Scouting: T.J. Yeldon – RB, Alabama
HT/WT: 6’1”/226 lbs.
Expected draft pick: Third round
Running back, Bernard Pierce, is the latest in a slew of bone-head acts that keep earning the Ravens negative press, as he was arrested for DUI following St. Patrick’s Night. The Ravens wasted little time in releasing Pierce from the final year of his contract, and thus clearing up another $660K in salary cap space. As we know, the Ravens recently brought back Justin Forsett on a three year deal worth $9M. With the release of Pierce, that leaves Forsett, Lorenzo Taliaferro coming off a foot injury that landed him on IR late in 2014, and fourth stringer Fitzgerald Toussaint as the RBs on the roster. I fully expect the Ravens to draft a RB in May’s NFL draft, but re-signing Forsett doesn’t make it an immediate need. They can wait until the later rounds. Which is one of the reasons we’ll take a look at projected third rounder, T.J. Yeldon. The other reason…Ozzie Newsome loves Alabama guys.
(Discuss this possible Ravens draft target on our message board.)
Yeldon shared time with Eddie Lacy as a true freshman at Alabama. In his first two seasons he averaged better than 6.0 yards per carry, and that number dipped slightly in his junior season down to 5.0 YPC. For his career, Yeldon averaged 6.14 yards per touch, and scored 39 TDs in three seasons. NFL.com analyst, Bucky Brooks, tweeted recently that some NFL evaluators compare Yeldon’s skill set and playing style to that of Le’Veon Bell. If a carbon copy of last year’s top overall running back can be had in the third round of the draft, sign me up. Let’s go to the tape.
I love to look at player in his toughest test of the year to see how they measure up. The biggest games to see how they rise to the occasion. The rivalry game to see if they reach down for that little extra, if they carry that extra swagger when facing a team they badly want to beat. Alabama vs. Auburn. The Iron Bowl is just that. Here well see Yeldon express good vision and the ability to shift laterally through the traffic and come out on the other side. The important thing is how he keeps his feet moving the whole time. He’s able to move his team into the redzone.
Another look at the vision. He cuts back the right way behind his blocker rather than into the defender. Yeldon could have bounced this outside where he likely is forced out of bounds. He could have cut left and tried to muscle his way, or run past the defender to get to the pylon, but likely to be tackled. He chooses option three, the right one, great patience to let his defender come in there as he shifts behind him, and it’s practically a walk in score.
Here against West Virginia in the season opener, Yeldon sees the hole and bursts through. Even when cutting he still is moving forward. A trait I like. No dancing. Looking at the previous clips, this tells me that T.J. Yeldon can decipher when he needs to be patient and let the play develop, and when he needs to attack the hole because it could close in an instant. A decision that has to made without hesitation.
Usually I show some clips of negative plays, or red flags that a prospect shows. But in the case of Yeldon, there aren’t many, if any at all. Not even so much as a huge negative yardage play, or a blatant missed block that got his quarterback killed. All I can say is there is one skill he lacks, and that would be the stiff arm. He uses a lot of his agility and quickness to elude tacklers. But he isn’t going to shove a defender to the turf, nor lower his shoulder on run someone over.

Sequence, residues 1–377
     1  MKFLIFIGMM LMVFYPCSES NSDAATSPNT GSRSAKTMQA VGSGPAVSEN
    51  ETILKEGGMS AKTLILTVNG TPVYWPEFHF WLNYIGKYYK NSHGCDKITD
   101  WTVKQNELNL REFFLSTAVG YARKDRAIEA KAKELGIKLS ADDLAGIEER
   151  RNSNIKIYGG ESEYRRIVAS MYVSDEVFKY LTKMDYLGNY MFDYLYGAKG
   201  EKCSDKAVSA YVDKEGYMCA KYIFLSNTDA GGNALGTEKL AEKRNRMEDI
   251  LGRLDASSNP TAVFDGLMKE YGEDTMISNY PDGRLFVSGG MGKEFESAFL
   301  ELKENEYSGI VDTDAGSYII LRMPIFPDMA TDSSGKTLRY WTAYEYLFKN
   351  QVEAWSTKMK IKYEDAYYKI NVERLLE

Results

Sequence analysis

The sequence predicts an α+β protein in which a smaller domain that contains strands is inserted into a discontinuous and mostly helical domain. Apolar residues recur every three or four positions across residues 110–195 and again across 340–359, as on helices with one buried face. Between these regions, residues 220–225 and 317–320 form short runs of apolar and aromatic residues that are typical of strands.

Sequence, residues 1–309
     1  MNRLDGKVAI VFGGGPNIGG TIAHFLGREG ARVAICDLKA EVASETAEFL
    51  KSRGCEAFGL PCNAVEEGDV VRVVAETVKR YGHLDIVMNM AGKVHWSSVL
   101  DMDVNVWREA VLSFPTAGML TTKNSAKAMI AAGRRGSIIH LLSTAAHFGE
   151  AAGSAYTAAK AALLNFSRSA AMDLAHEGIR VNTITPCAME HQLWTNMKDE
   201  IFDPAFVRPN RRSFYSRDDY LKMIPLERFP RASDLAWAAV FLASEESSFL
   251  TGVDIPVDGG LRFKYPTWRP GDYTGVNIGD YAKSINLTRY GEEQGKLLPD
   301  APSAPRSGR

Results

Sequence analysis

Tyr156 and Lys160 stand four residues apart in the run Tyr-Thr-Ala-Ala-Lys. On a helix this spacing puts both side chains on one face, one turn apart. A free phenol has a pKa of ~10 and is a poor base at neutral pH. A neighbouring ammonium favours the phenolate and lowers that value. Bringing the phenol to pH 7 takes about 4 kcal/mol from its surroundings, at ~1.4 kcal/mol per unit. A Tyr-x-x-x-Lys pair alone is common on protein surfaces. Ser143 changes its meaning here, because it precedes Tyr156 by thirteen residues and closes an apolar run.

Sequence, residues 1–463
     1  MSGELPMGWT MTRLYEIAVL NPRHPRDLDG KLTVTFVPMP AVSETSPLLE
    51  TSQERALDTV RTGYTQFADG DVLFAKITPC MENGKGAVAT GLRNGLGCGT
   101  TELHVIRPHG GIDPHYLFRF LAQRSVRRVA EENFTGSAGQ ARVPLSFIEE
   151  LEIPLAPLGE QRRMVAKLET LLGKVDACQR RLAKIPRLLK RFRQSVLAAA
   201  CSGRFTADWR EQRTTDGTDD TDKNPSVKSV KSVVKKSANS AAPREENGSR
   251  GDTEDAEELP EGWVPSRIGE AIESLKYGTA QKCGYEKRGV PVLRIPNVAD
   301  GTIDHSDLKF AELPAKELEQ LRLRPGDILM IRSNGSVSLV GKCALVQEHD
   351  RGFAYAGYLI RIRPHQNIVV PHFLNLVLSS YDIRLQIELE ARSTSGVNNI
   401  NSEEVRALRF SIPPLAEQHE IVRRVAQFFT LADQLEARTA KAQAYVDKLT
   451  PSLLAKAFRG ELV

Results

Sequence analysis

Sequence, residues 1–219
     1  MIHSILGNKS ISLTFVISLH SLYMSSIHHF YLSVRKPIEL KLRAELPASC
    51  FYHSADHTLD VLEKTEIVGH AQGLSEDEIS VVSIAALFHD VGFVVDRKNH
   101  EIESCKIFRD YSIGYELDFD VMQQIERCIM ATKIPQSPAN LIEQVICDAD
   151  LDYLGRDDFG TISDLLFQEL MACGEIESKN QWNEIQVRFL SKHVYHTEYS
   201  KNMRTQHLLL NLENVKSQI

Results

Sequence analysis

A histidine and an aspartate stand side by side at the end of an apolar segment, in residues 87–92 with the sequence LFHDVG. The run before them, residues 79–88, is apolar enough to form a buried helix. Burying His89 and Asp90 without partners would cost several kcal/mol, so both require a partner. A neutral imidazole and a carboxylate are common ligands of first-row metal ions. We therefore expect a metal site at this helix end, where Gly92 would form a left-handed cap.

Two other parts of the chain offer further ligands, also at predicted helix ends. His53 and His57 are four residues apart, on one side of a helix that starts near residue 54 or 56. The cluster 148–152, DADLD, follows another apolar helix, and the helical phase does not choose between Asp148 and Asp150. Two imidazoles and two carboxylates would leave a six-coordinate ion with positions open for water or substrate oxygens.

– Patience and vision
– 3rd down receiving option
– Decent pass blocker
– Quicker than his 4.61 40-time suggests
– Faced high level talent
– Not powerful enough to run guys over
– Won’t break many tackles
Overall: Yeldon is a back that plays within himself. He is better suited at using his agility to make would be tacklers miss, rather than lowering his shoulder to go through someone. He realizes that, and will play to his strengths rather than be someone his is not…Which is perfectly fine. One question maybe how much of his success is attributed to his ability, and how much of it is the offensive line play at Alabama that turns it’s running backs into professionals year in and year out. Eddie Lacy looks strong. Trent Richardson, not so much. Reports are starting to surface suggesting that T.J. Yeldon is undervalued by draft scouts. I’m starting to get on board with that notion, and would think a 3rd round pick could be a steal.
For the Ravens, Justin Forsett isn’t going to be a 300 carry a year back. It’s not his style. Bringing in Yeldon would be good competition for Taliaferro to see who would share the load with Forsett. Despite the solid year in the running game, question marks still arise such as: How much will Forsett have in the tank this year as he turns 29 years old, and just earned a much larger workload than he ever has? There is room for regression from Forsett, no? How will Taliferro rebound from injury? Will the injury bug linger with him? Is Taliaferro ready for an increased role in the NFL?
All questions the Ravens will have to ask themselves before they decide how important it is to fill a need at RB, and how good of a prospect they need to target.
Mike was born on the Eastern Shore, raised in Finksburg, and currently resides in Parkville. In 2009, Mike graduated from the Broadcasting Institute of Maryland. Mike became a Baltimore City Fire Fighter in late 2010. Mike has appeared as a guest on Q1370, and FOX45. Now a Sr. Ravens Analyst for BSL, he can be reached at [email protected]